‘Backgammon is like life. It’s a series of boring, innocuous days just like the day before, weddings and deaths and all that, and then there’s 40 or 50 days out of the year where some really weird shit happens.’ – Anonymous
These words will ring true to anyone who has ever played the board game backgammon, and they’ll ring ever truer to anyone who has played the game for money.
Forget poker – backgammon is the new black (or red, depending what colour your pieces are) and is growing in popularity faster than a cocked dice is thrown again. Innovations such as the Backgammon Million and endorsements by celebrity players such as Omar Sharif, Tim Henman, Robbie Williams and Sam Torrance mean the addictive qualities of the game are reaching a wider audience than ever before.
Backgammon is the oldest game on the planet. It was first played about 5,000 years ago in Mesopotamia (today known as Iraq) at the centre of the Sumerian empire. Not content with giving us the best game in the world, those crafty Sumerians are also credited with inventing the wheel, the first algebra and geometry, and the world’s first written language. No doubt they also used to use an ancient version of Tic-Tac.
Another version of the game is more than 1,600 years old. It was known in Persia and the Near East as Takhteh Nard, meaning ‘Battle on Wood’, and was introduced to Europe by the Arabs. The board had 24 points, 30 playing pieces and a pair of dice, which is the exact same format as today’s game.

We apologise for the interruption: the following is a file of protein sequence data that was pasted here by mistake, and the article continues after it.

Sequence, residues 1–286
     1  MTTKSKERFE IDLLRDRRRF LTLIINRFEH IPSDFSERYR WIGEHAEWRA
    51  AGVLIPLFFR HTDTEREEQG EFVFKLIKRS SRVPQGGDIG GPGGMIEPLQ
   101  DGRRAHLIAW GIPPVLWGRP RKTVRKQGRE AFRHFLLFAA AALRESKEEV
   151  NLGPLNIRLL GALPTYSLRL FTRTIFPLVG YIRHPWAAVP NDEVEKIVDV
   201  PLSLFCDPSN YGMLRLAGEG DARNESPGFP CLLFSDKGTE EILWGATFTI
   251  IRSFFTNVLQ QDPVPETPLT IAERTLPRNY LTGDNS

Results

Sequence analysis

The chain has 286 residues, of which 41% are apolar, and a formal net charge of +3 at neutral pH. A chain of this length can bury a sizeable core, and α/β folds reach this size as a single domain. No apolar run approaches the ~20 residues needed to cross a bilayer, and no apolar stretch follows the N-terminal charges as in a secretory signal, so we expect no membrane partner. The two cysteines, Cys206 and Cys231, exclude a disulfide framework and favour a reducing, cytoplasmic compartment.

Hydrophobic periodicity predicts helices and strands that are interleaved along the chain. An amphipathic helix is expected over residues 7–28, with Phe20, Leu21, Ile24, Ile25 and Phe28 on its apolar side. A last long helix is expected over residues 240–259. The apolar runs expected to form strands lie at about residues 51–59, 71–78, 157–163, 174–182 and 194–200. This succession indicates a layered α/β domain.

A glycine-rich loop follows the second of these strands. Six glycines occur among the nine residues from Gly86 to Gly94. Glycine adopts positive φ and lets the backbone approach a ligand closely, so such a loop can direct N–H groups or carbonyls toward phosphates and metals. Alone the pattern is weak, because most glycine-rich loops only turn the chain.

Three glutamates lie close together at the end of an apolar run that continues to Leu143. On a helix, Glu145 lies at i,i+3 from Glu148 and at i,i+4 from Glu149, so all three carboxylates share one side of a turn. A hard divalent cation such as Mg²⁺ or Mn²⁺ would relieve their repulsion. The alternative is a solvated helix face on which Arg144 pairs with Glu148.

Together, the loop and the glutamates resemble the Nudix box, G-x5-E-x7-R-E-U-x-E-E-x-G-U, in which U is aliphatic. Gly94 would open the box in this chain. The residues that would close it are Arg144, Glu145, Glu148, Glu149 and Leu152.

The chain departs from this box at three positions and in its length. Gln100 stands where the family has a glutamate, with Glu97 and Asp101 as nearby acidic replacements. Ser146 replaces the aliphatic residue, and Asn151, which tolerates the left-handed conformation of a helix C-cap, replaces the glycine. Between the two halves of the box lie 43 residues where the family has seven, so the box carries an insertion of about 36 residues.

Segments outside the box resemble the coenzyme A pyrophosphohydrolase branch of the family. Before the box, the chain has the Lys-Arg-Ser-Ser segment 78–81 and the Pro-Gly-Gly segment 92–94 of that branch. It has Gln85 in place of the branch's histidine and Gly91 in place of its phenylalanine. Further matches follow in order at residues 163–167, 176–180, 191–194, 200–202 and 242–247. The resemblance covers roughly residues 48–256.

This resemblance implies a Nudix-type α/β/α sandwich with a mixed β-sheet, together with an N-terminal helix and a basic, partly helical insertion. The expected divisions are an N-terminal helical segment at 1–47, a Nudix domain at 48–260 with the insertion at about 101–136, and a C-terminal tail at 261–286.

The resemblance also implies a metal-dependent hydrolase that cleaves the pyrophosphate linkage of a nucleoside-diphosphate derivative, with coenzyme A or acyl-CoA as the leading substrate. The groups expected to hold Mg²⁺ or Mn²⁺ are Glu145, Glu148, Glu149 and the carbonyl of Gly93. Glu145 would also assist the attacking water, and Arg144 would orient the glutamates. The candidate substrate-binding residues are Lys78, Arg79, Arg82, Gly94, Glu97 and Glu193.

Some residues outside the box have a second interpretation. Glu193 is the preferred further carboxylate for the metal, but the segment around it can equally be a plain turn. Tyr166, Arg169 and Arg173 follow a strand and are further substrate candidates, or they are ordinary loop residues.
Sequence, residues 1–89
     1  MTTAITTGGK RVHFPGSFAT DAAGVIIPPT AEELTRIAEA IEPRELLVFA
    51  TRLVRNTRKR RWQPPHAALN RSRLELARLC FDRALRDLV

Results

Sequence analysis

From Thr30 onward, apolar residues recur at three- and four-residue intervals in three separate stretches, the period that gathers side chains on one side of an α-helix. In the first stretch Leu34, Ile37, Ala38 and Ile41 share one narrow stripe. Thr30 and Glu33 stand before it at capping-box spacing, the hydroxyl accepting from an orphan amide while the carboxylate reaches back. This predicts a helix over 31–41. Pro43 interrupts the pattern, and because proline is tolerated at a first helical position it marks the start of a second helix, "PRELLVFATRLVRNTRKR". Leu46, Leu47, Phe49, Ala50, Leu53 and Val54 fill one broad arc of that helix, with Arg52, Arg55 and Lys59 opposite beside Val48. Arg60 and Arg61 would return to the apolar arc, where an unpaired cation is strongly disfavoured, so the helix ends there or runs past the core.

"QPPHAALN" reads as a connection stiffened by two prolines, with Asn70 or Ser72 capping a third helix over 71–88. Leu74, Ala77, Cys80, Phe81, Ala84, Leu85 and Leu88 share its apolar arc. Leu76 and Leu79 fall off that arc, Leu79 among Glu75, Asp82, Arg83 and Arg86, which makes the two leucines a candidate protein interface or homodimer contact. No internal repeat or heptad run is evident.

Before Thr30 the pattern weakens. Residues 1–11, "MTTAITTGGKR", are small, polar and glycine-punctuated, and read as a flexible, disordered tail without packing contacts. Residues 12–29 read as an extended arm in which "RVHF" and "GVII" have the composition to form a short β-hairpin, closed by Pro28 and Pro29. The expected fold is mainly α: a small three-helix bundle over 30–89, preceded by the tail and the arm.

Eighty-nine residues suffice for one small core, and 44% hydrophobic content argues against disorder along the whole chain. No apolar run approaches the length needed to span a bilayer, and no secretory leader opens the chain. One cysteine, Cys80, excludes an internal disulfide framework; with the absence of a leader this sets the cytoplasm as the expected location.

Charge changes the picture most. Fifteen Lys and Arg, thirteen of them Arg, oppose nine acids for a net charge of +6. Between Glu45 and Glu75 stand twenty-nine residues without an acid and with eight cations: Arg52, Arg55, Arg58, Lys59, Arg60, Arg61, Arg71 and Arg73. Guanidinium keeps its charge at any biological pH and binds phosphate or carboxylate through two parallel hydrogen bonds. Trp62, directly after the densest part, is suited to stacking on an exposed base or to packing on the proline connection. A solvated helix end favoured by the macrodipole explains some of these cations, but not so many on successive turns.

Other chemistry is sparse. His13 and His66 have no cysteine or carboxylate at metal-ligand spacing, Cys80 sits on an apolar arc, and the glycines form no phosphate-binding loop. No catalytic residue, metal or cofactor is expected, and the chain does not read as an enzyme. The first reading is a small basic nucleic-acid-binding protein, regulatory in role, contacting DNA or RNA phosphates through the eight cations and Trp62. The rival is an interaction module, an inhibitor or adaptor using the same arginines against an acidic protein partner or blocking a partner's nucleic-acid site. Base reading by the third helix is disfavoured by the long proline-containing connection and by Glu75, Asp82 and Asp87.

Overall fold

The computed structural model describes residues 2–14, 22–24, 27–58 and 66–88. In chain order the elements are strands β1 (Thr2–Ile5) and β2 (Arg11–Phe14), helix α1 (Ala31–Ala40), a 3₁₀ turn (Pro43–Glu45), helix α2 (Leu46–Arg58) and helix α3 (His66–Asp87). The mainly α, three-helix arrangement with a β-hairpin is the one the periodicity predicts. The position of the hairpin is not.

The ancient Egyptians and Romans also played versions of the game. In the time of Henry VIII, it was banned by that sanctimonious spoilsport Cardinal Wolsely, who ordered the burning of all boards. The name backgammon was coined in the 7th century, when the Saxons called it the ‘bac’ (back) ‘gamen’ (game) because of the nature of the game.
Ah, the rules of the game. In essence, players must move their 15 pieces around the board until they all arrive in the final quarter, when they can begin to take them off. If a piece is taken, it has to go all the way back to the start. The first player to bear off all their pieces (that is, get them off the board) wins. Naturally, there’s much more to it than that, and you can find out more about the rules at the bottom of this article.
The rules of play have transmuted over the centuries, but, in 1931, Wheaton Vaughan, chairman of the New York Tennis and Racquet Club, formed a committee to define the rules that are widely accepted today. There was a need for clarification because of the introduction of the doubling cube in the 1920s by an unknown New York gambler.
Sheer bloody madness
The doubling cube is the reason gamblers love the game. Basically, it brings an element of insanity to proceedings. If players think they’re on top during the game, they can double the points on offer. If the other player accepts the double, the game carries on; if they decline, they lose the game. The same player can’t redouble, but if the game ebbs and flows, both players can double each other up to 64 times the original points (or dollars/pounds/euros) value. If the variants of a double game and a gammon are added, it’s easy to understand the gambling mania that can ensue.
So far so good, but who are the world’s top players and how much money are they pulling in? The ’32 Giants of Backgammon’ is a list of the best players in the world and they’re voted for by their peers. The poll takes place every two years and, while it has a US bias, this year’s list is expected to feature more European players than ever before. The top players can earn a reasonable living from the game – just don’t expect to see anyone from the UK in the list.